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Wednesday, May 14, 2014: Tony the Tiger, Andrew Tahmooressi, Waterfront Concert noise


I’d like to include a tiny postscript/correction to the obituary on Lee Marshall, “the voice of Tony the Tiger” for Kellogg’s. The original voice for Tony the Tiger was actually that of my father, radio and television personality Tony Marvin, when Kellogg’s first advertised Frosted Flakes in New York. Marshall and another voice personality,Thurl Ravenscroft, did, indeed, take over when Kellogg’s moved production to the West Coast.

Lynda Marvin


Save Tahmooressi

It’s estimated about 11.7 million immigrants are living in the United States illegally.

I propose a trade. We trade all this back to Mexico for U.S. Marine Sgt. Andrew Tahmooressi, who’s been held over a month for a wrong turn into Mexico. He faces six to 21 years in a Mexican prison.

Yes, he was in possession of a couple of legal firearms. He did not try to hide this at the border. Not enough? OK, we throw in U.S. Attorney General Eric Holder. He brought in a lot more illegal guns for the drug cartels with Fast and Furious.

Terry Shortt



Noise and health

The Waterfront Concert noise is abhorrent and dangerous to people who have health problems. I will be the squeaky wheel, again, this year, about the Waterfront Concert noise. Last year I spoke before a city council meeting and suggested that the noise, particularly the deep bass reverberation that travels long distances, might be a serious problem for people who are ill. At that time, I intended to look at potential problems to the Bangor population.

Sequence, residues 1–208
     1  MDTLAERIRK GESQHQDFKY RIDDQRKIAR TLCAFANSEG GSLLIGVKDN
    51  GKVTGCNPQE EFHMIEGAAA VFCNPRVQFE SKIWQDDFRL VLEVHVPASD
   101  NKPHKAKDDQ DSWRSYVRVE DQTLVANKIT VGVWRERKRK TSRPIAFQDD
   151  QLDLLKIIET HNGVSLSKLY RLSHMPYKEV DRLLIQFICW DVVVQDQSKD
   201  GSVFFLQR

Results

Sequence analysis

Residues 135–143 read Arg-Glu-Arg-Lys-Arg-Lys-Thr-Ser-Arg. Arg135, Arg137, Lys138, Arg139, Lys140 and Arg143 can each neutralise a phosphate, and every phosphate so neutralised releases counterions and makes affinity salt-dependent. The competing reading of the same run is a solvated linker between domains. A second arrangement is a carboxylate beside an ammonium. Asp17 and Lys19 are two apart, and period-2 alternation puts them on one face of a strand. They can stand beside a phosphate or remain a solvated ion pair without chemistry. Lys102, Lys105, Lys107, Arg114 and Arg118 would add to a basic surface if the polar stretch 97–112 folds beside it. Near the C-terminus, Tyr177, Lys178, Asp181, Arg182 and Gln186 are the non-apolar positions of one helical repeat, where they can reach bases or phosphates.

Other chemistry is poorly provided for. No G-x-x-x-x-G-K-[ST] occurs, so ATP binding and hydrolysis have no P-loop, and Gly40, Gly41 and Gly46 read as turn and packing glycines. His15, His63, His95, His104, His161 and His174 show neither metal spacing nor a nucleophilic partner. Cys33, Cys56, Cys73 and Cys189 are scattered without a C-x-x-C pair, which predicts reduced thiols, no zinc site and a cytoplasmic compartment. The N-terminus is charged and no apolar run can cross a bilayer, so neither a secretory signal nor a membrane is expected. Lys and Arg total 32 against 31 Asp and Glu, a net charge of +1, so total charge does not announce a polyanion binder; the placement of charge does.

However, this is not an intellectual exercise for me any more. Although I couldn’t have foreseen it a year ago, I had a heart attack this past January. My blood pressure is unstable.

I read the recent BDN article about the decibels being decreased, but here in my home on Leighton Street, I can “feel” it, and I’m not satisfied that enough has been done. I am also concerned about people who live closer than I do. The bass sounds and the regular drumming rhythms have an effect that I can feel, and it’s not pleasant.

Someone a year ago had the nerve to suggest that people like me who have a problem with this noise should move out of Bangor. I sure would like a better suggestion than that. I was willing to compromise, but I won’t compromise when my health is at stake.

And I bet I’m not alone. I hope others will stand up against this obscenity downtown. Everyone who cares should notify the city council. Don’t let our residents’ health be sacrificed.

Barbara Sosman


Vulnerable at 16

A few months ago, a 16-year-old from Bucksport decided to take a car out with only her driver’s permit. She ended up getting into an accident, and her friend who was a passenger died. The trauma of experiencing the accident alone is awful. The experience of causing someone to die is something I cannot imagine having to cope with.